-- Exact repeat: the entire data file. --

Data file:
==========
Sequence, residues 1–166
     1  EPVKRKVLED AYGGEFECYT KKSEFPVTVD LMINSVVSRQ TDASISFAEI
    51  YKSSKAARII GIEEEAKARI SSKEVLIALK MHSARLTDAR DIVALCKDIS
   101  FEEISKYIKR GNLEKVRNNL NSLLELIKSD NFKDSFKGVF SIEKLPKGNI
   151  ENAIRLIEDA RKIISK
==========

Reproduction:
Sequence, residues 1–166
     1  EPVKRKVLED AYGGEFECYT KKSEFPVTVD LMINSVVSRQ TDASISFAEI
    51  YKSSKAARII GIEEEAKARI SSKEVLIALK MHSARLTDAR DIVALCKDIS
   101  FEEISKYIKR GNLEKVRNNL NSLLELIKSD NFKDSFKGVF SIEKLPKGNI
   151  ENAIRLIEDA RKIISK